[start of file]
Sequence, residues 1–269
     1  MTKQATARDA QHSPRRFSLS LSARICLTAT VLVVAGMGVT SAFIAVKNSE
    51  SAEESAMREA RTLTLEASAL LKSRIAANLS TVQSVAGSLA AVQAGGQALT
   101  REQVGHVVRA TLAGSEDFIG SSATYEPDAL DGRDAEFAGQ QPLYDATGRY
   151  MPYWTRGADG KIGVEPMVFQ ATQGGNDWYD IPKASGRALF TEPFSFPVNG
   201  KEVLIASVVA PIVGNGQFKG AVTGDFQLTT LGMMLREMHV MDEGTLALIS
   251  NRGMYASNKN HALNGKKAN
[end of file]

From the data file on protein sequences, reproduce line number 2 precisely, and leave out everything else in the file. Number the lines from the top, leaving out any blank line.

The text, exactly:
     1  MTKQATARDA QHSPRRFSLS LSARICLTAT VLVVAGMGVT SAFIAVKNSE